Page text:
Red Bull’s SoundClash event featuring Bay Area rapper Larry June and Detroit rapper Babyface Ray made us wonder why the Midwest and the Bay have such similar sounds in rap music. Read more about the unique experience and how these two artists mesh so perfectly.
What’s Red Bull SoundClash?
For the first time ever, Red Bull’s SoundClash event featured a dynamic pair of touring clashes, with Detroit’s finest, Babyface Ray, going head-to-head with The Bay’s Larry June in both Detroit and San Francisco. We were able to catch the sold-out show at San Francisco’s The Regency Ballroom and both artists put on unbelievable performances.
Inspired by the culture of competing sound systems originating in Kingston, Jamaica, Red Bull’s SoundClash is set over multiple rounds as artists musically duke it out with the recipeient of the biggest crowd reaction (captured with an onscreen decibel meter) to be crowned champion.
There were four special rounds during the 2022 SoundClash show.
The Warmup: each MC performed an eight-song set of some of their most popular hits. For Larry, he gave the crowd some of his local anthems like “6AM in Sausalito” and “Smoothies in 1991.” While Babyface Ray responded with his hits “Paperwork Party” and “#1 Fan.”
The Feature: this round challenged each artist to bring out surprise special guests. Larry brought out notable collaborator Jay Worthy for “Dear Winter” and P-Lo for “Good.” Babyface Ray introduced Hendrix for “Velvet” and Sam for “Hall of Fame.”
Live and Direct: the rappers were now accompanied by live musicians for a special live performance of their classics. Larry’s band performed Bay Area classics like Mac Dre’s “Feeling Myself.” Babyface Ray decided on a solo piano accompaniment that sounded absolutely amazing.
The Take Over: this round challenged each rapper to learn each other’s songs in advance and finish each other’s sentences. Babyface Ray started the round with “If You Know You Know,” and Larry June finished it the song like he recorded it himself. Babyface Ray came back in to finish out Larry’s “Don’t Check Me.”
Special Moments from the Show:
Other highlights included surprise performances from Bay Area legend Goapele, DaBoii, 22nd Jim, and Lil Kayla. Towards the end of the show, Babyface Ray asked the crowd to hold up their lights to honor the late Atlanta rapper Takeoff, who was killed days earlier.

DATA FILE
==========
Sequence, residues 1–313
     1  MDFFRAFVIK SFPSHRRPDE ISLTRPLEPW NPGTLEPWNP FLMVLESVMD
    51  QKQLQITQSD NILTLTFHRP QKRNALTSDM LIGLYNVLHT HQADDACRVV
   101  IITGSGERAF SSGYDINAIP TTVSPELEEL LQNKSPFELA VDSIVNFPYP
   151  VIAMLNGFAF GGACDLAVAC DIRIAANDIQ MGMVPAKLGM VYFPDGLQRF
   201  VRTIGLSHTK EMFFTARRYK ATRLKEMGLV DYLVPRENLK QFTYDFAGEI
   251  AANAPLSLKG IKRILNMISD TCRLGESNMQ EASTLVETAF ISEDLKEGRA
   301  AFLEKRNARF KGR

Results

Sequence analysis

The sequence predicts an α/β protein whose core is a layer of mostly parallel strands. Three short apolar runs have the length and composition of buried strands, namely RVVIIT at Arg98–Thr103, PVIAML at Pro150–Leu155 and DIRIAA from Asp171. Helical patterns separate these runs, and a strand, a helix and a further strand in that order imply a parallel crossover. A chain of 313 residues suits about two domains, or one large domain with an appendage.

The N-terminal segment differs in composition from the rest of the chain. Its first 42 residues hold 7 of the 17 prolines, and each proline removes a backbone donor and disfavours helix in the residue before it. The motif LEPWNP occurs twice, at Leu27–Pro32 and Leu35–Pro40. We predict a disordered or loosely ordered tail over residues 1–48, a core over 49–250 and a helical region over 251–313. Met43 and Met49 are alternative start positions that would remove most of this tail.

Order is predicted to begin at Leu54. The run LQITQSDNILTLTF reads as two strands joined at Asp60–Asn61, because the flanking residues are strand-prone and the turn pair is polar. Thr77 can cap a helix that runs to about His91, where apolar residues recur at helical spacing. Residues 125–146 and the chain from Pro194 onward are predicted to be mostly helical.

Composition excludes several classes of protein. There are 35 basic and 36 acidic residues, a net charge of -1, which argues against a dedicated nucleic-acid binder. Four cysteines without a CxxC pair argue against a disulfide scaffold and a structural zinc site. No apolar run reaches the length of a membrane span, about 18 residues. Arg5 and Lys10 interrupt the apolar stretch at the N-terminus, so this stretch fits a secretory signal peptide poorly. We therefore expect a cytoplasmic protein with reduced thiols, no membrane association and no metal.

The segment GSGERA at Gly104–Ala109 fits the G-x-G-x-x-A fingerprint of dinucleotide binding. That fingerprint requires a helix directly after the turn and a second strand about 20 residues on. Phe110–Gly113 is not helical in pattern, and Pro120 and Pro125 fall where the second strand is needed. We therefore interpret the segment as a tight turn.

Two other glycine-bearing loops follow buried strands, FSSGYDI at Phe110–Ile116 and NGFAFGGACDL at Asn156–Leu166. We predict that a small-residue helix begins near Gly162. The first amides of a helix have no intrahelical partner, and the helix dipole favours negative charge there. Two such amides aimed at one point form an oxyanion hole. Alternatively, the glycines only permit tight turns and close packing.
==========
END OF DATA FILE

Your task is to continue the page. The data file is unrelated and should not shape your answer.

The two offered the crowd something even more special when they ended the Sound Clash by performing their single “Extra of Um,” which appears on Larry June’s newest album “Spaceships on the Blade.”
This special Red Bull SoundClash was definitely one for the books, but it left us with a greater question.
Why do the Midwest and the Bay have such a similar sound in rap music?
After speaking with Larry and Babyface’s label Empire during our visit, we learned just how deep the ties of these two cities run. While sitting in an Empire boardroom filled with dancers from Sacramento, journalists from all over the states and the core Empire staff, we discussed the cities’ similarities. Some argued that while the Midwest and the Bay have similar production styles, they are still quite different sonically. Others offered the comparison that both are industrial cities, which created independent powerhouses amongst its entrepreneurs and creatives. The two cities have a consistent work ethic that they share, which is like no other place.
Upon doing our own research, we discovered that the relationship dates back to MC Breed, who often traveled to the Bay creating strong ties between the two cities. Breed worked with the likes of Tupac and Too $hort, and his single “Gotta Get Mine” featuring Pac reached No. 6 on the Hot Rap Singles chart in 1993.
Another key component to the cities’ musical relationship is its use of samples. Both the Bay and Detroit have a history of flipping the classic hits we know and love. From Babyface Ray’s “My Thoughts 3/Pop’s Prayer,” sampling Timbaland’s Apologize to Larry June’s countless flips, there is a clear and deeply rooted history in their use of sampling which makes the music sound timeless and nostalgic.
The biggest factor in the connection to the Bay and the Midwest is obviously the Great Migration. Fans can see that in the musical similarities of Memphis and New Orleans music. The same goes for those coming from Detroit to Oakland. They are “Black cousin cities” and the love runs deep.
Be sure to check out photos from the epic 2022 Red Bull SoundClash show below. Follow Larry June and Babyface Ray to keep up with their music and upcoming performances.